(See Raj Kishore Jha v. State of Bihar and Ors. (2003 (7) Supreme 152).
in respect of administrative orders Lord Denning M.R. in Breen v. Amalgamated
Engineering Union (1971 (1) All E.R. 1148) observed "The giving of reasons
is one of the fundamentals of good administration". In Alexander Machinery
(Dudley) Ltd. v. Crabtree (1974 ICR 120)(NIRC)
it was observed: "Failure to give reasons amounts to denial of
justice". Reasons are live links between the mind of the decision-taker to
the controversy in question and the decision or conclusion arrived at".
Reasons substitute subjectivity by objectivity.
emphasis on recording reasons is that if the decision reveals the
"inscrutable face of the sphinx", it can, by its silence, render it
virtually impossible for the Courts to perform their appellate function or
exercise the power of judicial review in adjudging the validity of the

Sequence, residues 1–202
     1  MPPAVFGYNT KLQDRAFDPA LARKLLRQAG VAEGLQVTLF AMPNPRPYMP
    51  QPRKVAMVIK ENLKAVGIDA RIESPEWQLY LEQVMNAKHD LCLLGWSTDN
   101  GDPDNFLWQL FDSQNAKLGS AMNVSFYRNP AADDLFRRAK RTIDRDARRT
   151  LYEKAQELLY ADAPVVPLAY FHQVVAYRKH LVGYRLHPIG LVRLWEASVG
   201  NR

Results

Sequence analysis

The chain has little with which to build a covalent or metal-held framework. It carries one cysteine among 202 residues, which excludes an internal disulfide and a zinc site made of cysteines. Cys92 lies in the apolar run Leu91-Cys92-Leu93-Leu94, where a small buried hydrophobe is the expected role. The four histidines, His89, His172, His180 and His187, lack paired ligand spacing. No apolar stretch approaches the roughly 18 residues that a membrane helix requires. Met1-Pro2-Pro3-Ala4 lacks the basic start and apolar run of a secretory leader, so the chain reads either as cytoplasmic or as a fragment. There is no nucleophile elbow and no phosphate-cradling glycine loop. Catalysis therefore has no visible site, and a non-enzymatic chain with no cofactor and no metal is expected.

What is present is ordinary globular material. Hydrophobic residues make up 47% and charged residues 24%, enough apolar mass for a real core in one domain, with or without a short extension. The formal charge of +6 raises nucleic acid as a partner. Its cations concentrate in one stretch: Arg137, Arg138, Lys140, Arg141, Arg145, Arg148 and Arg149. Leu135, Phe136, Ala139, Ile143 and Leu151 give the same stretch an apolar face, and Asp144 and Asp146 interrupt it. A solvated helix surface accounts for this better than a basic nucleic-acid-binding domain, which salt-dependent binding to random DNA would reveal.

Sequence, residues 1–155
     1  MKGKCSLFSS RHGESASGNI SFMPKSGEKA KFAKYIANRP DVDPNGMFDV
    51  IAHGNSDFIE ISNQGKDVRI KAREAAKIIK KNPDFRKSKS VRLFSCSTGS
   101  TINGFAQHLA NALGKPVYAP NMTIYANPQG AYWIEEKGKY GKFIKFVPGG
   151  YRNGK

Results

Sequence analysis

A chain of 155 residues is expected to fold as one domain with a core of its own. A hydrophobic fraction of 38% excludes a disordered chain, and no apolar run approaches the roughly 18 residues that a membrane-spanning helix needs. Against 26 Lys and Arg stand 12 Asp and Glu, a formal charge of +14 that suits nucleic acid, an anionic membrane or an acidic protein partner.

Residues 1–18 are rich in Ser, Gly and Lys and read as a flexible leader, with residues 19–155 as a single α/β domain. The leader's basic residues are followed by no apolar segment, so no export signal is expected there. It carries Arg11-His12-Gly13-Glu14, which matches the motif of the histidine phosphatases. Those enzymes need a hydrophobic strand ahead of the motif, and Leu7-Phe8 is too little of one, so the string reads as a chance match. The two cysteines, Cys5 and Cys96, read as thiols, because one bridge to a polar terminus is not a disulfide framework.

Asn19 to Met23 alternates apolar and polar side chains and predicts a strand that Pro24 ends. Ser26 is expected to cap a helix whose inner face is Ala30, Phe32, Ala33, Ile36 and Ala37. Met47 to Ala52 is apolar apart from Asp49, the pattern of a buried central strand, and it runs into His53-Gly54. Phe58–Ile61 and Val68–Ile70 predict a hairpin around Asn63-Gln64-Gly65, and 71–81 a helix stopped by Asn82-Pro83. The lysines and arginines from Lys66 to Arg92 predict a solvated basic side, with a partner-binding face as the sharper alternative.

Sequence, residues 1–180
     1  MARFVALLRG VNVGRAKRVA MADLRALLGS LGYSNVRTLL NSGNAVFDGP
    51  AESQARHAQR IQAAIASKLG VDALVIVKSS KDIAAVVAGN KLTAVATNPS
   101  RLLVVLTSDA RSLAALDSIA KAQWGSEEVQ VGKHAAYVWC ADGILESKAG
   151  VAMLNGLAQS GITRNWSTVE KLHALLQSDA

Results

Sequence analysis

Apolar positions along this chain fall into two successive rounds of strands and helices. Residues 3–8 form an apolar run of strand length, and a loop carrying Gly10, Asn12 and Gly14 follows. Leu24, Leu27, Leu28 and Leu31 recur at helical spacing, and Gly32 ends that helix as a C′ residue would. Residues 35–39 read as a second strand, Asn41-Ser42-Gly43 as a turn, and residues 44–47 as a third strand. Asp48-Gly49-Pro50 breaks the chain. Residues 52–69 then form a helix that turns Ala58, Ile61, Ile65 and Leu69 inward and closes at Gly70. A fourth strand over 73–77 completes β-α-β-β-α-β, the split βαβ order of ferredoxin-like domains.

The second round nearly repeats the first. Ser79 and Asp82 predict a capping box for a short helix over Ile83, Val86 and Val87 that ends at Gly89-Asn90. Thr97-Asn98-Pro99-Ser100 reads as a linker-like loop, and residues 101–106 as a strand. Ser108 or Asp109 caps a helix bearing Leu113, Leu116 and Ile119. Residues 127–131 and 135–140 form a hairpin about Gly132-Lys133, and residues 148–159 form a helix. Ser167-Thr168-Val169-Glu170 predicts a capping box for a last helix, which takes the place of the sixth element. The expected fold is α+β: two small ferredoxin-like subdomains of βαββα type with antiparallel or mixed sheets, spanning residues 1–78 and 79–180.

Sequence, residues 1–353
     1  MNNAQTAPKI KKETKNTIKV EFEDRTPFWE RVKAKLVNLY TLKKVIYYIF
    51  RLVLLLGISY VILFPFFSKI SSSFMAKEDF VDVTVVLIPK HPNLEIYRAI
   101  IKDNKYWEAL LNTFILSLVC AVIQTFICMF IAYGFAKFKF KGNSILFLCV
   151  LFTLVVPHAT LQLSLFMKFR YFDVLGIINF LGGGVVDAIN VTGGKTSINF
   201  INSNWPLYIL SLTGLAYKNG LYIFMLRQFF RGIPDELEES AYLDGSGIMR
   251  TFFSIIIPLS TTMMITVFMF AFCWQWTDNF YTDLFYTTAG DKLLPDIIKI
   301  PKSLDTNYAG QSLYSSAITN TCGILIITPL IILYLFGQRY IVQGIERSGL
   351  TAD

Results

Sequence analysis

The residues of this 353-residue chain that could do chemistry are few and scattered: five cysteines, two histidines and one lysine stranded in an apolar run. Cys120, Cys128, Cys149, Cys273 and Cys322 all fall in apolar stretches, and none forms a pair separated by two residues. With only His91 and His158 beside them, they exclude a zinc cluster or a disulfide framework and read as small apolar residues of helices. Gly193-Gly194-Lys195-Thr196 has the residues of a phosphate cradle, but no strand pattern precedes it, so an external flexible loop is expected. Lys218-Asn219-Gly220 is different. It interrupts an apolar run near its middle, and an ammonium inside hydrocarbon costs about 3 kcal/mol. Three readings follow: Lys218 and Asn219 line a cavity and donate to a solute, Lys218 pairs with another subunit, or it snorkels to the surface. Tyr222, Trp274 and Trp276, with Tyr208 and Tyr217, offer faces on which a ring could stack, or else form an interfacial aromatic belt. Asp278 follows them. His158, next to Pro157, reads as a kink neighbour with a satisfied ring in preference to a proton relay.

decision. Right to reason is an indispensable part of a sound judicial system;
reasons at least sufficient to indicate an application of mind to the matter
before Court. Another rationale is that the affected party can know why the
decision has gone against him. One of the salutary requirements of natural
justice is spelling out reasons for the order made; in other words, a speaking
out. The "inscrutable face of a sphinx" is ordinarily incongruous
with a judicial or quasi- judicial performance.
above position was highlighted in State of Punjab v. Bhag Singh (2004 (1) SCC 547).
view of the aforesaid legal position, the impugned judgment of the High Court
is unsustainable and is set aside. We grant leave to the State to file the
appeal. The High Court shall entertain the appeal and after requisite notice to
the respondents hear the appeal and dispose of it in accordance with law,
uninfluenced by any observation made in the present appeal. The appeal is
allowed to the extent indicated.